Birthdays are often cause for intimations of mortality. Barack Obama, who turns 55 on Thursday – his last birthday in the White House – is no different.
“I am positive that if I’m lucky enough to live to a ripe old age and I’m on my deathbed and I’m thinking back on my life, I won’t be remembering some speech I gave or some law I signed,” he mused on Wednesday. “I’ll be remembering holding hands with one of my daughters and walking them to a park. That’ll be the thing most precious to me.”
The US president was addressing a summit of the Mandela Washington Fellowship for Young African Leaders in Washington. He was greeted by chants of “Yes, we can!” – a once thrilling cry that already has a wistful ring – and a lusty chorus of Happy Birthday to You.
One member of the audience asked him about the importance of family life to political leaders. “Maintaining balance, having a strong partnership with your wife or husband, raising children who are kind and useful and strong and generous and all the things that my wonderful daughters are, that really is its own reward,” Obama said to applause.
He noted that some great leaders have not had happy personal lives, and some outstanding fathers and parents have been bad leaders. “The two things don’t always align,” he acknowledged.
“For me, the reason that it’s been useful to maintain that balance is I think it’s grounded me. It’s allowed me, during the course of my presidency when things aren’t going so well, to remember that I have this beautiful family and this wonderful wife.
“And when things are going very well, it’s good to go home and then my wife teases me about how I left my shoes in the middle of the living room, or my girls think what I’m talking about over dinner is boring, and that brings me down to earth.”
Increasingly, as his presidency winds down, Obama is striking a reflective and wry tone. The media is now treating him kindly, he noted, as it concentrates on the battle to succeed him. “There have been times when I thought the press was very unfair and I’d open up the newspapers and go, ‘Agh, what?’ and I’d start arguing,” he said. “But there have also been times when the press have started investigating something and I’ve thought, ‘You know what, this is a problem’.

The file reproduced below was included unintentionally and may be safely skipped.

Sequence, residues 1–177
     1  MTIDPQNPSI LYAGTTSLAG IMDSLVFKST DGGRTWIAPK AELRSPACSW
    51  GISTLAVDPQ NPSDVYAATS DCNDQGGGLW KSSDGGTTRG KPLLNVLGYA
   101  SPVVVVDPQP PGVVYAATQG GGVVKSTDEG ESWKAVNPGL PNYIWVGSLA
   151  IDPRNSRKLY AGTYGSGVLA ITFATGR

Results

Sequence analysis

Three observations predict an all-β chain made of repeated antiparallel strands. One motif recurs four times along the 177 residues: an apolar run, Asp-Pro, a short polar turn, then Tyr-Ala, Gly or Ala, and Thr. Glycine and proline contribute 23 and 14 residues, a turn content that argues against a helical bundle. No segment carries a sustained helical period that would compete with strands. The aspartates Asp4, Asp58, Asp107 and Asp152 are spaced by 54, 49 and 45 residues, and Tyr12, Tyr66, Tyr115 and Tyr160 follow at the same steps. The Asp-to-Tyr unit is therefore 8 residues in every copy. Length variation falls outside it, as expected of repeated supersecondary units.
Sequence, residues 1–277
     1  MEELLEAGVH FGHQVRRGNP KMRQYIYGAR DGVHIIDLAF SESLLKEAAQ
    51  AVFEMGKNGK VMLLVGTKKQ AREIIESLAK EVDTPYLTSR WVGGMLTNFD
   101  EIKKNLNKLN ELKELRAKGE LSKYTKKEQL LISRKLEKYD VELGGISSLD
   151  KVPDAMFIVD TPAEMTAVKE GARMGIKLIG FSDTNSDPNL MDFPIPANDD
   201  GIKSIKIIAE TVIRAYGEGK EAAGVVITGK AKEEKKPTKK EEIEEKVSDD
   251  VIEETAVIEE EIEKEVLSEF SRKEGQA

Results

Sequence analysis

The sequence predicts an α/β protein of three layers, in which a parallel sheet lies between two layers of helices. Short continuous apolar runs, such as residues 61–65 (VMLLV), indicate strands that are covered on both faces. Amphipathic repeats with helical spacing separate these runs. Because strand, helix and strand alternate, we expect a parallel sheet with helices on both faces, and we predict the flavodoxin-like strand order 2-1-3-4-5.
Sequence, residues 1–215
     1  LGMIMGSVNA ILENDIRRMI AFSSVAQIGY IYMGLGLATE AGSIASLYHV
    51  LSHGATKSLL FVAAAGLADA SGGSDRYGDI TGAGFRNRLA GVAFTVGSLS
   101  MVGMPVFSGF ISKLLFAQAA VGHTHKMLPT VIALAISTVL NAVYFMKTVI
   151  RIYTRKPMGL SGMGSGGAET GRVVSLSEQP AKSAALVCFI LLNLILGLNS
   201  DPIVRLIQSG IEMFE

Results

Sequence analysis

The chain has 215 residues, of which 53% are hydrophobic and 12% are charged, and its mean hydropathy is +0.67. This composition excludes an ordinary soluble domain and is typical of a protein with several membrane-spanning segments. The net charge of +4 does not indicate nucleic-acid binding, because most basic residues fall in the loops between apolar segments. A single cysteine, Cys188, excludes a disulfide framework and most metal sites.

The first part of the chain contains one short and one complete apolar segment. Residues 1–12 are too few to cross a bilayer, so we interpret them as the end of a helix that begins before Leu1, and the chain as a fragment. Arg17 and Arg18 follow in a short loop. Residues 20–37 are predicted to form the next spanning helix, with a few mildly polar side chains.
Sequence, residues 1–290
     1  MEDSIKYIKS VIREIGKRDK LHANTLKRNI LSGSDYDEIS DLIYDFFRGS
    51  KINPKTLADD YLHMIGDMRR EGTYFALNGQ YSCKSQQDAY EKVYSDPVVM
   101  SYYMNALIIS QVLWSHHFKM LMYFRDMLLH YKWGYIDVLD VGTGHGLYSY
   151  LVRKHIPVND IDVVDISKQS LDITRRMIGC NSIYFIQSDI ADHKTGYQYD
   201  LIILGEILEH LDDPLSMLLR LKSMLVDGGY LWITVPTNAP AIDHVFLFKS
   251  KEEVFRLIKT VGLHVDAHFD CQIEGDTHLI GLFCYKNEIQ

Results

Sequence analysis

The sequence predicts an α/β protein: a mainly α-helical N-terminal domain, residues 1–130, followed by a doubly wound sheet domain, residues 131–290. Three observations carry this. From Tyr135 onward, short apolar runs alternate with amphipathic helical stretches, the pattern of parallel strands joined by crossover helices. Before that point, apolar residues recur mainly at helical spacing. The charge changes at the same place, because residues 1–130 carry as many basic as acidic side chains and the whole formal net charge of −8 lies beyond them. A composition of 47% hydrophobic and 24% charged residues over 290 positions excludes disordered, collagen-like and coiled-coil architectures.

He would “rather have the press err on the side of freedom” than be censored by a country’s president or prime minister, Obama, the son of a Kenyan, added in a warning to many African nations.
Interacting with young leaders has been a cause close to Obama’s heart. He discussed the merits of pursuing a political career. If he had lost his US senate race in 2004, he admitted, he was ready to quit politics and do something else. His advice to aspiring politicians: “Worry less about what you want to be and more about what you want to do.”
He added: “Politics is a little bit like going into acting or being a musician … You can be really talented but maybe the timing is off … Maybe you didn’t get the lucky break … When you think about me being president of the United States, it was quite unlikely.”
His breakthrough moment in 2004 only came about because nominee John Kerry chose him to speak at the Democratic convention, Obama recalled. “I gave a pretty good speech,” he said, and the next day he was an overnight media sensation and being talked about as a future president. But, he told a friend at the time, he hadn’t “magically” become so much better than in his days as a state senator. Fate had played a part.